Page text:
"Psalm 23," John August Swanson. Used by permission from the artist.
Image © by John August Swanson. Artwork held in the Luther Seminary Fine Arts Collection, St. Paul, Minn.
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Daniel 3:1, 8-30 Commentary
by Corrine Carvalho
The Book of Daniel is an amazingly complex work.
The so-called Hebrew version of the text, which contains large sections of material written in Aramaic, contains two distinct parts: stories of Jews living in exile in Babylon and apocalyptic visions shown to the title character. The Greek version of the tales is distinctly longer than the Hebrew version.
Daniel is a prominent character throughout the book, depicted as a young, wise and pious Jew whose prophetic abilities are recognized by even the pagan Babylonians. Chapter 3, however, is the only chapter where Daniel does not appear. Instead, the story tells the tale of three other Jewish men who face dire consequences for their piety.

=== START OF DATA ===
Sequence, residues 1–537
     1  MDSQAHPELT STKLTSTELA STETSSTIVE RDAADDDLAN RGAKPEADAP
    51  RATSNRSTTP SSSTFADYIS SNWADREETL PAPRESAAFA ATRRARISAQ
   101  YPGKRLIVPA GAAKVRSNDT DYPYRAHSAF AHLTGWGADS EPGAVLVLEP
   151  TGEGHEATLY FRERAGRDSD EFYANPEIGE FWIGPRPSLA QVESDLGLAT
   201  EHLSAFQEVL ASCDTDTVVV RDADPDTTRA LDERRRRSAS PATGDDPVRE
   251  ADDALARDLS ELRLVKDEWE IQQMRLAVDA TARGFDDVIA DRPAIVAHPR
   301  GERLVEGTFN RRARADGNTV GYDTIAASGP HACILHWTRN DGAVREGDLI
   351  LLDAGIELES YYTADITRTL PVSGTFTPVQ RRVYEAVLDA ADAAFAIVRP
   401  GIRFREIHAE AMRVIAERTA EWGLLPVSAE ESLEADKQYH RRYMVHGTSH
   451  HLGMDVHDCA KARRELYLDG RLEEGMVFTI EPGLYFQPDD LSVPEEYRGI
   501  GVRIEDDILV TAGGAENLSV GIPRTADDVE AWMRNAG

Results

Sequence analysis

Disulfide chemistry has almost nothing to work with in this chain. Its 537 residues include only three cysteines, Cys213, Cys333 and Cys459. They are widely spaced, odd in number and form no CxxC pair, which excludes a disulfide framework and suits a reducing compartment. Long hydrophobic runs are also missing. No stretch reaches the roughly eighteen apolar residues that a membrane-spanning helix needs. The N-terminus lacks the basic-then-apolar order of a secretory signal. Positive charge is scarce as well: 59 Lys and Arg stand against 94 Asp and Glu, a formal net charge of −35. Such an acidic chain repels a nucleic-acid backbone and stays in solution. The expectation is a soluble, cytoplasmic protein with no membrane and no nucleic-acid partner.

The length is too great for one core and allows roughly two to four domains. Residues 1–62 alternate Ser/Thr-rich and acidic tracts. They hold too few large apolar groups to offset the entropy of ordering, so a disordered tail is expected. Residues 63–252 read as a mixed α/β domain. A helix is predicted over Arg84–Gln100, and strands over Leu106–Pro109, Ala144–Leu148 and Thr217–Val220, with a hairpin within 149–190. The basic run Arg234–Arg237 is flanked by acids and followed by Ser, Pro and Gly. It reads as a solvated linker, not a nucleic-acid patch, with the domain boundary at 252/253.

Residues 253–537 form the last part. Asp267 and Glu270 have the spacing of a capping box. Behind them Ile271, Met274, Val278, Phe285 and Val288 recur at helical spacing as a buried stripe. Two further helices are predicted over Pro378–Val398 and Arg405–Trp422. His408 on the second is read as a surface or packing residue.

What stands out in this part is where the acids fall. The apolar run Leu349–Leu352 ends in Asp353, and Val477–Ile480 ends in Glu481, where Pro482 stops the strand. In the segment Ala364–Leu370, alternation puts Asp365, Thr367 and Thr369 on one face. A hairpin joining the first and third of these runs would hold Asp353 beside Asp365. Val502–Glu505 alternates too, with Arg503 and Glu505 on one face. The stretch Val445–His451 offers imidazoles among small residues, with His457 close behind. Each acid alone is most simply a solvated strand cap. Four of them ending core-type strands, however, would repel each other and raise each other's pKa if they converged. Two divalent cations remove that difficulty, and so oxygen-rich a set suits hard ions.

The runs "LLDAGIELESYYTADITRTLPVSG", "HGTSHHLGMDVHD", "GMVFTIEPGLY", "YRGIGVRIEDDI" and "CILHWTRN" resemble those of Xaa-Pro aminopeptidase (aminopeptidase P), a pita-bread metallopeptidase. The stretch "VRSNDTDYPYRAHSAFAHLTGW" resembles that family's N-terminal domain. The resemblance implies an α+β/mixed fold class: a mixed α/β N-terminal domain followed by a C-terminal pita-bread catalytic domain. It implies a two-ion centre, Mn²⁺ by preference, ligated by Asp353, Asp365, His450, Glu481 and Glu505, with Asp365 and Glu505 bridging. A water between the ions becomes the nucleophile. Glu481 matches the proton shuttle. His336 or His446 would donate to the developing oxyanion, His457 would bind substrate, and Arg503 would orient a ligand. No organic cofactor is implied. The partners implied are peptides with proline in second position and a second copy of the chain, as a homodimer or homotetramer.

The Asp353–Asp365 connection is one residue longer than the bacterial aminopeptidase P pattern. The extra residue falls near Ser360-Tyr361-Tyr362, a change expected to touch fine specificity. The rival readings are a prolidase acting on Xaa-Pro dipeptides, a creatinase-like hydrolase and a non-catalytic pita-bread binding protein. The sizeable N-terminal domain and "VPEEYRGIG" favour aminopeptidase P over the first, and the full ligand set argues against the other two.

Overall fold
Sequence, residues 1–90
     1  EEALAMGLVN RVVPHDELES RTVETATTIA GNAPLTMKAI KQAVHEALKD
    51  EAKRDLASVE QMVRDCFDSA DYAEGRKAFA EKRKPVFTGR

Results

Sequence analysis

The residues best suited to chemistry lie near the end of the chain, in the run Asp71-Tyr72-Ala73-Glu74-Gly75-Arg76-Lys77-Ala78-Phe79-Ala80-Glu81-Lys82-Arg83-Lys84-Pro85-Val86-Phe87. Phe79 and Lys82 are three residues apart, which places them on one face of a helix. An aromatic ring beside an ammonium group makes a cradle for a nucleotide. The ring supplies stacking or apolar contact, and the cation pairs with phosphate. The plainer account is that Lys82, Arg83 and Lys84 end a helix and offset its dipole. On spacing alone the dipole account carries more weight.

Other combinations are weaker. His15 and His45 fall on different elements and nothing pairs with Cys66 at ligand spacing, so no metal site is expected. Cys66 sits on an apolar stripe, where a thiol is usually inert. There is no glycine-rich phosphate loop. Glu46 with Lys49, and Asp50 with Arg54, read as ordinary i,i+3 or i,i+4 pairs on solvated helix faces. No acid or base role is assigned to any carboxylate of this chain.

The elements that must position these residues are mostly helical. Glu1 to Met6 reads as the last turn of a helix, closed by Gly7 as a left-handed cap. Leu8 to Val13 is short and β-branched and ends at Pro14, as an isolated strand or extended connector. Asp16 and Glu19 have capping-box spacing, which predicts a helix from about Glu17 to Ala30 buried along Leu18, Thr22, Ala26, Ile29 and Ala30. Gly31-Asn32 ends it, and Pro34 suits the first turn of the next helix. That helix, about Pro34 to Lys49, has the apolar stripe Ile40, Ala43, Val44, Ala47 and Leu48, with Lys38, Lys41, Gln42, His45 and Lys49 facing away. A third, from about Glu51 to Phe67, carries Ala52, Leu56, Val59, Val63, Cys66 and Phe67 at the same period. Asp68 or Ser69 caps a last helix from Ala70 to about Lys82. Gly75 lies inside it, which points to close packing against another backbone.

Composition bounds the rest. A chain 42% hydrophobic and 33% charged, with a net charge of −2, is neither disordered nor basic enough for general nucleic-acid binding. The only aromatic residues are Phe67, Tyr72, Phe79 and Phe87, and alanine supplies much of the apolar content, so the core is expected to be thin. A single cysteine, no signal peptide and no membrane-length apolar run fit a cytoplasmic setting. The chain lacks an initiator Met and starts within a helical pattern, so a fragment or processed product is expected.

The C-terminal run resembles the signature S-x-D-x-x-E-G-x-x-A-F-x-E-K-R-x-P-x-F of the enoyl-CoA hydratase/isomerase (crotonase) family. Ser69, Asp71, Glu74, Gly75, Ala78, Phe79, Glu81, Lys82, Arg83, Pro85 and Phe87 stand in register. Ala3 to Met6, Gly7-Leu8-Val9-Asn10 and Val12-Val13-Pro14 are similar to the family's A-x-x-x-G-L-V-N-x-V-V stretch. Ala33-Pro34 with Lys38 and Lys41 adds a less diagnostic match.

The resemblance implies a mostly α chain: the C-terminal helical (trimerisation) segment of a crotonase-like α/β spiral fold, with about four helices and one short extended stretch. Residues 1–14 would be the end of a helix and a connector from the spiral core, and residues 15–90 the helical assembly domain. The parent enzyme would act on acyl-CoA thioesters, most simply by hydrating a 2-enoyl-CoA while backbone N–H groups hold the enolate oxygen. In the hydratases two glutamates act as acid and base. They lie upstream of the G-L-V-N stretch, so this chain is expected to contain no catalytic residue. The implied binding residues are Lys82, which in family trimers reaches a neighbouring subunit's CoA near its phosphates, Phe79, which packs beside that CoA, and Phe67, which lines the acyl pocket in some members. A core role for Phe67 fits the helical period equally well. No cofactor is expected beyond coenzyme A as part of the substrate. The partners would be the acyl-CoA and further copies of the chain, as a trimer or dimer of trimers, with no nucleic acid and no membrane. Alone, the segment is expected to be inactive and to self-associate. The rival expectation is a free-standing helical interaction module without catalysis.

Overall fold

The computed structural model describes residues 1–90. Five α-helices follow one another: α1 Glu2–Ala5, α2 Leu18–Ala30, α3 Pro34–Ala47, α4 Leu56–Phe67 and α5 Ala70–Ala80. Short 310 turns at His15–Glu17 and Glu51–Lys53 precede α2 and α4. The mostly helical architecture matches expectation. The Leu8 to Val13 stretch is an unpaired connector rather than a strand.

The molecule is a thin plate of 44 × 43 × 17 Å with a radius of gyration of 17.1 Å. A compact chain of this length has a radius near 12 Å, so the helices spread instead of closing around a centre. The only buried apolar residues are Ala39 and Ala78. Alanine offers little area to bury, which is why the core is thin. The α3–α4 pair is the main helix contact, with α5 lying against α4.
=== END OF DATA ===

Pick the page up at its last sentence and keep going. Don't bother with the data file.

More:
While the book is set during the Babylonian exile (586-538 BCE), it was written down during a period of Greek colonization, some 400 years later. It is not interested in presenting an historical account of the Babylonian exile. It contains several historical inaccuracies, not the least of which is that fact that the Babylonians did not ...
| Bible Text
2019-20 Worship resources
The narrative lectionary is a four-year cycle of readings. Read more.
Narrative Lectionary 102: Fiery Furnace
December 01, 2013
Join Profs. Rolf Jacobson, Craig Koester, and Kathryn Schifferdecker for "I Love to Tell the Story," a conversation on Year 4 of the narrative lectionary. This podcast covers texts for Dec. 1, 2013: Daniel 3:1, 8-30 (corresponding Gospel: John 18:36-37).